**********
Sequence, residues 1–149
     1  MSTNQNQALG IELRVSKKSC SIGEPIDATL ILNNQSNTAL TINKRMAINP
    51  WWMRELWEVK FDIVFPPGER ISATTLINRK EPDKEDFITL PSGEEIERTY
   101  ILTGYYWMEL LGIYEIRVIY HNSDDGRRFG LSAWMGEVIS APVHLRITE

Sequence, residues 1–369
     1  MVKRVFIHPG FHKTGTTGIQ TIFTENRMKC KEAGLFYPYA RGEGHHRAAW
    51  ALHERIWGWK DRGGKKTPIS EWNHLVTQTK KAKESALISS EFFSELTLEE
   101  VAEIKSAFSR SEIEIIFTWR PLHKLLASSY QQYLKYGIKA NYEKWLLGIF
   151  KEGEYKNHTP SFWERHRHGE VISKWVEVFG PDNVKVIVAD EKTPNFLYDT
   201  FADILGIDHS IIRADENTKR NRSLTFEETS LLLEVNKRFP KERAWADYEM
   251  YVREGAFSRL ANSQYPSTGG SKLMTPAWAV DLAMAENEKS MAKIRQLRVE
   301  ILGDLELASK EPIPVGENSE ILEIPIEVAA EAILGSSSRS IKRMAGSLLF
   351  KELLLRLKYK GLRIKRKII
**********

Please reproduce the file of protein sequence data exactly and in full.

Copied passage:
Sequence, residues 1–149
     1  MSTNQNQALG IELRVSKKSC SIGEPIDATL ILNNQSNTAL TINKRMAINP
    51  WWMRELWEVK FDIVFPPGER ISATTLINRK EPDKEDFITL PSGEEIERTY
   101  ILTGYYWMEL LGIYEIRVIY HNSDDGRRFG LSAWMGEVIS APVHLRITE

Sequence, residues 1–369
     1  MVKRVFIHPG FHKTGTTGIQ TIFTENRMKC KEAGLFYPYA RGEGHHRAAW
    51  ALHERIWGWK DRGGKKTPIS EWNHLVTQTK KAKESALISS EFFSELTLEE
   101  VAEIKSAFSR SEIEIIFTWR PLHKLLASSY QQYLKYGIKA NYEKWLLGIF
   151  KEGEYKNHTP SFWERHRHGE VISKWVEVFG PDNVKVIVAD EKTPNFLYDT
   201  FADILGIDHS IIRADENTKR NRSLTFEETS LLLEVNKRFP KERAWADYEM
   251  YVREGAFSRL ANSQYPSTGG SKLMTPAWAV DLAMAENEKS MAKIRQLRVE
   301  ILGDLELASK EPIPVGENSE ILEIPIEVAA EAILGSSSRS IKRMAGSLLF
   351  KELLLRLKYK GLRIKRKII